Notes on Inherent Vice by Thomas Pynchon

I’m picking my way through Inherent Vice, and I’m not even quarter of the way through it yet but I wanted to post some informal thoughts.

By the end of the first chapter I was largely underwhelmed. I thought that the main character, Doc Sportello, was a doofus, and I didn’t care at all what he was going to do or what was in store for his future. This can be a problem when we are talking about a protag.

Inherent Vice

What is on full display is Pynchon’s ability to bruise a comma with detail-laden, paragraph-long sentences like few others can. This and this alone will probably be what people dislike about the book. For me, I love these descriptions and the details they present and the full range of senses they reach. One paragraph like this can, in some ways, paint a picture of a place and time better then something 10 times longer. It’s condensed and it’s concentrated but not diluted.

Doc had outrun souped-up Rollses full of indignant smack dealers on the Pasedena Freeway, doing a hundred in the fog and trying to steer clear through all of those crudely engineered curves, he’d walked up back alleys east of the L.A. River with nothing but a borrowed ‘fro pick in his baggies for protection, been in and out of the Hall of Justice while holding a small fortune in Vietnamese weed, and these days had nearly convinced himself all that reckless era was over with, but now he was beginning to feel deeply nervous again.

This one is even better. It gives us such an intensely focused look that you’re almost dizzy by the time you get to the end.

Doc’s office was located near the airport, off East Imperial. He shared the place with a Dr. Buddy Tubeside, whose practice consisted largely of injecting people with “vitamin B12,” a euphemism for the physician’s own blend of amphetamines. Today, early as it was, Doc still had to edge his way past a line of “B12”-deficient customers which already stretched back to the parking lot, beachtown housewives of a certain melancholy index, actors with casting calls to show up at, deeply tanned geezers looking ahead to an active day of schmoozing in the sun, stewardii just in off some high-stressed red-eye, even a few legit cases of pernicious anemia or vegetarian pregnancy, all shuffling along half asleep, chain-smoking, talking to themselves, sliding one by one into the lobby of the little cinder-block building through a turnstile, next to which, holding a clipboard and checking them in, stood Petunia Leewat, a stunner in a starched cap and micro-length medical outfit, not so much an actual nurse uniform as a lascivious commentary on one, which Dr. Tubeside claimed to’ve bought a truckload of from Frederick’s of Hollywood, in a variety of fashion pastels, today’s being aqua, at close to wholesale.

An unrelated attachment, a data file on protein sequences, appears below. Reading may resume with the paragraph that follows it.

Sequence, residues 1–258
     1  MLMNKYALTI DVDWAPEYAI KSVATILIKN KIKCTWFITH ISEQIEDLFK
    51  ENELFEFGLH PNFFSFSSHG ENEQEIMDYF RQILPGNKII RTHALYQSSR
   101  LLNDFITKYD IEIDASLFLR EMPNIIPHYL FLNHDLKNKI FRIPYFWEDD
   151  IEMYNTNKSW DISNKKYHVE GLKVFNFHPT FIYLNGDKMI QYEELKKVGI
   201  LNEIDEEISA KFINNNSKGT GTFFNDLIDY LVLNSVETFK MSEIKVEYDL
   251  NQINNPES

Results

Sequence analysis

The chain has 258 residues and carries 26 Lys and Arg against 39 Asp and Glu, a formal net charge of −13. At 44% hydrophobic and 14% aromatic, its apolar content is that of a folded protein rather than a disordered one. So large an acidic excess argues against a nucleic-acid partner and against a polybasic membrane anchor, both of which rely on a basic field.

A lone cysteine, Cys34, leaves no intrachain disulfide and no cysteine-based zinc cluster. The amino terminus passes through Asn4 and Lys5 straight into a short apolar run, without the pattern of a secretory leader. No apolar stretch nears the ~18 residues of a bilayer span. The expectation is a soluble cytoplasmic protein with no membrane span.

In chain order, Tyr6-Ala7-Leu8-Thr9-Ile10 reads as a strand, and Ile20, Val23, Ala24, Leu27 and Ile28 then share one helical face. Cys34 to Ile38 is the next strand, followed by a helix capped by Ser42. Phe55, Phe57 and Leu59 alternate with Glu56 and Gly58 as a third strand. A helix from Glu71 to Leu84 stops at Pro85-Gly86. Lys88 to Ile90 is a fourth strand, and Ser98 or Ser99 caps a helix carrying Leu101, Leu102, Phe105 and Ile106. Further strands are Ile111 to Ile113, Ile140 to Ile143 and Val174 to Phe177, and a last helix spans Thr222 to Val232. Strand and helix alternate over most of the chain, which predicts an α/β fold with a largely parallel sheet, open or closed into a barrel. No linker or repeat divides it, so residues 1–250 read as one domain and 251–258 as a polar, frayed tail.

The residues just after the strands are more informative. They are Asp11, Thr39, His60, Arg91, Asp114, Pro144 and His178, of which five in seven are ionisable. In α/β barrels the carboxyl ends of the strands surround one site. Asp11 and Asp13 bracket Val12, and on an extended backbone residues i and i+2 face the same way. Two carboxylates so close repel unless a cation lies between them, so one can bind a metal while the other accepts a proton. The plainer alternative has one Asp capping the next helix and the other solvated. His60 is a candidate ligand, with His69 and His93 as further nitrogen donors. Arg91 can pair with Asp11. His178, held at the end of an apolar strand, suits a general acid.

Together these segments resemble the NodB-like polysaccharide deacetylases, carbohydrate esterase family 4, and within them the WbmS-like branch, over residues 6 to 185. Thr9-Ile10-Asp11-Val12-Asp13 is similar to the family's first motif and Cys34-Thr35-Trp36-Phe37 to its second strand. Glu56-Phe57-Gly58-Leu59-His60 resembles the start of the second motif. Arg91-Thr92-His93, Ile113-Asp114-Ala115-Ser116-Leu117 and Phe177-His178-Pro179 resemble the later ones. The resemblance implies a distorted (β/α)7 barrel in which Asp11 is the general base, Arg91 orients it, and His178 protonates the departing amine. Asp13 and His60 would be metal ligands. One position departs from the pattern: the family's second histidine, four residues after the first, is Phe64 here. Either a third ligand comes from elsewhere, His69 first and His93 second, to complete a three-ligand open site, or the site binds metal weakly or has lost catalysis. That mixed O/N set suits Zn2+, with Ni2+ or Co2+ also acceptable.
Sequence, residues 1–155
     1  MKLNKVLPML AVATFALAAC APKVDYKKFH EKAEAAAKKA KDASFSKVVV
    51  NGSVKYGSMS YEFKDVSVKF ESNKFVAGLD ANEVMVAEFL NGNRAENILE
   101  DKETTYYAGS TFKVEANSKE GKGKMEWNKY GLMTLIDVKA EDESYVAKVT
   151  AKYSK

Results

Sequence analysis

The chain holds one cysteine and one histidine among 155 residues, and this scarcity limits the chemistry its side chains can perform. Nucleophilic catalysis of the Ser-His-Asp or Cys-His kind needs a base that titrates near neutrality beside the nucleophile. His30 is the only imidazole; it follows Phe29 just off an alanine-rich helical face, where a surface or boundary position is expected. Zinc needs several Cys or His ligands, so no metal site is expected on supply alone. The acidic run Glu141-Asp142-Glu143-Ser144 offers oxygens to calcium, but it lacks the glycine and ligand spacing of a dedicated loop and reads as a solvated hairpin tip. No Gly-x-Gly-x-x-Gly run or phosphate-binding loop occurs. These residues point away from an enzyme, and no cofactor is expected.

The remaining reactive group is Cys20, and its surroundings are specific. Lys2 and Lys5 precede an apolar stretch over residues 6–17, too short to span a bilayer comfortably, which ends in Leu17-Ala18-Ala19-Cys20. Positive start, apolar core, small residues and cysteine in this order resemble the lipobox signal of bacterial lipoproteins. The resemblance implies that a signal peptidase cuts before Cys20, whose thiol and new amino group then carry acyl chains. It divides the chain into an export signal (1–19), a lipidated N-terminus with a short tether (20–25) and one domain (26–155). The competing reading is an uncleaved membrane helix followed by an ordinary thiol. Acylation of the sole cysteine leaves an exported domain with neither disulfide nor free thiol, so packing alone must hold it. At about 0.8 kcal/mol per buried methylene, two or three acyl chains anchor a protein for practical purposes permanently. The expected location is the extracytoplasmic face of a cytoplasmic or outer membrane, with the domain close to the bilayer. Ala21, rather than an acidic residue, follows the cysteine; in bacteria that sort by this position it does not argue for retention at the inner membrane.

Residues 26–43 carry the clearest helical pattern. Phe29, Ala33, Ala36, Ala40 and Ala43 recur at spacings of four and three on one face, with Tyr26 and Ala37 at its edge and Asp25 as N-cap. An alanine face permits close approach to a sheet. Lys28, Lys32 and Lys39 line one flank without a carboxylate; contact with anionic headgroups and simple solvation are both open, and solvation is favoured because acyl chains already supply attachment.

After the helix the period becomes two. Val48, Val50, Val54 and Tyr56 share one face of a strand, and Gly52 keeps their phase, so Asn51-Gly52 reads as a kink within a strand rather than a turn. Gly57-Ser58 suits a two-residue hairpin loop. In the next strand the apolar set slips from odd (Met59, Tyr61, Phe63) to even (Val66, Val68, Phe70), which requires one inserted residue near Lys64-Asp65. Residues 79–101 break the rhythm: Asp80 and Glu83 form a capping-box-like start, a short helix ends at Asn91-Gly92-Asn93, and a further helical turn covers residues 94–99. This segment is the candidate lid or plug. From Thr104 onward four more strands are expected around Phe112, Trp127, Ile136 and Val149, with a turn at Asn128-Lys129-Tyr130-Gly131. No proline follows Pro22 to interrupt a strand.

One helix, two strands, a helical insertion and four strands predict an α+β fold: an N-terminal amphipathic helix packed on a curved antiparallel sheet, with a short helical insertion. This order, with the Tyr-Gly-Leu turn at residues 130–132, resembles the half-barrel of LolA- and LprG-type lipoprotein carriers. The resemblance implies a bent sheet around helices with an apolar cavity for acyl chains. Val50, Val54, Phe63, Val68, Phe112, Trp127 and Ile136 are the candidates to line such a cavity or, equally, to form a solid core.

Each seeming sidetrack from the central narrative spins off its own ocean of story so that the sentence, and the story, spreads out in time and space encompassing so much more.

The second chapter opens with yet another great paragraph.